- The MAIC network provided important context and support for educators to analyze survey results and to connect survey data to specific change ideas and instructional strategies.
- The MAIC network developed a survey infrastructure that allowed teachers to administer the surveys using a digital platform, connected individual student responses to the student information system, and generated reports and data visualizations for teachers.
- Students’ mathematical dispositions and identities are often formed long before a particular class and can take time to shift. As a result, instructional changes may not lead to changes in student survey responses right away. In addition, many factors outside of a student’s current math class (including prior teachers or other current teachers) can shape student survey responses. For this reason, some interviewees hypothesized that the survey may be more helpful as a tool to understand changes in student math agency across a school or network over time as a result of concerted, consistent improvement effort rather than as a measure to understand if a particular change idea is working in an individual class.
- The survey is meant to pick up on student beliefs and mindsets, as opposed to student practices and behavior. For example, one interviewee pointed out that while a student may understand what a growth mindset is intellectually, the survey does not indicate whether a student is able to enact that growth mindset when faced with a challenging situation in class.
- Some students may be concerned that providing their ID number would compromise the confidentiality of their survey responses. Accordingly, teachers should explain that they are not able to view responses from individual students.
Other tools and resources to support use
- The MAIC Network’s Digging into Data Protocol provides improvers with norms, roles, and processes to engage in productive dialogue around survey data.
- Information about the specific strategies and practices highlighted in MAIC network convenings can be found on the MAIC Network Convening webpage.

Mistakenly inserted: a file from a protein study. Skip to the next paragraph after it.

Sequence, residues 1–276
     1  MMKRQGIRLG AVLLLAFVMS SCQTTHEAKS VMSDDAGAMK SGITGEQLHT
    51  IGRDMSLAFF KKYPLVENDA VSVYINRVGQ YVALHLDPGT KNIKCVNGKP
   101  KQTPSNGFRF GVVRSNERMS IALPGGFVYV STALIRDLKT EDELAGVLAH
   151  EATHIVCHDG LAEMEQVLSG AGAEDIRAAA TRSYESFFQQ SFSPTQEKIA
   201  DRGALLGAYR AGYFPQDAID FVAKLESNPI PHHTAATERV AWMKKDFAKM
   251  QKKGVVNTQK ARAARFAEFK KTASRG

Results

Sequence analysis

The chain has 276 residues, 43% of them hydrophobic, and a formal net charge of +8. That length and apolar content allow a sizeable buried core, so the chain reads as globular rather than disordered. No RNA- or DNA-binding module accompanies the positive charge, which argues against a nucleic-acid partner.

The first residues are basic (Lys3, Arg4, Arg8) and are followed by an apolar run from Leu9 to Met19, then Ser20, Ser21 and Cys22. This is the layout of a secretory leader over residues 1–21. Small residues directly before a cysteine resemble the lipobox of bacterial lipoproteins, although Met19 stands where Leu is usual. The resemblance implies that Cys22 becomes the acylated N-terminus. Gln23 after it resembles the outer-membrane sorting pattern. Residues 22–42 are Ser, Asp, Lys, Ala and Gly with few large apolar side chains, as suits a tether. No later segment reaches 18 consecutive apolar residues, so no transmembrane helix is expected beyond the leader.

The Math Agency Improvement Network (MAIC) is a network of K–12 schools in Southern California that formed to work on improving students’ mathematical agency and outcomes in middle school and high school mathematics. Network teachers use an improvement science framework to test, adapt, refine, and spread student-centered math practices in their respective contexts.
To understand how student-centered practices support mathematical agency and success, students of MAIC teachers completed the Student Agency Survey at three time points in the academic year.
Teachers appreciated the way the survey data provided insights into student perceptions and needs. Furthermore, when data were disaggregated, teachers were able to focus on subgroups of students who were having adverse experiences or whose needs were not being met as well as others. One teacher explained, “We really tried to visualize data according to very specific target groups of students and to help us unearth our own biases and things we’re bringing to teaching we didn’t realize we had.” This same teacher reviewed the survey data alongside grades and test scores to see if “there were students who were not getting what they needed in my classroom.”
One teacher stressed that the culture of learning within the MAIC network was critical, explaining, “Sometimes you see data and it hurts . . . but because MAIC felt like a learning environment, I felt very comfortable sharing my data and wonderings about it with others. When you come at it with a lens of curiosity . . . that allows the conversation to move and be authentic.”
The MAIC network and convenings provided a supportive infrastructure to explore survey data and connect the data to classroom practice. Through the convenings, teachers were introduced to practices and strategies for increasing student math agency, saw models of these practices, and had the opportunity to experience the new practices as learners. Together, network members shared how the practices were working in their contexts along with adaptations they had made. Through the network, teachers also had the opportunity to engage in anticipatory planning and observe other teachers’ classrooms as they tested change ideas. Since its inception, the MAIC network has ramped up its use of lesson-study strategies to observe, refine, and share practices among educators.
While the Student Agency Survey provided an important periodic gauge of students’ mathematical dispositions across the network, teachers in the network also collected data on student participation, academic language use, and mathematical understanding through ongoing PDSA cycles to better understand how specific instructional changes were working. As one teacher explained, “I was using the surveys to measure progress in response to change ideas, rather than to identify which particular change idea to try…[The survey] data was more about monitoring impact.”
Cate Challen, Improvement Coach and former math teacher, High-Tech High Graduate School of Education
Daisy Sharrock, Director of the CARE Network at the Center for Research on Equity and Innovation, High Tech High Graduate School of Education
Curtis Taylor, Improvement Coach and former math teacher, High Tech High Graduate School of Education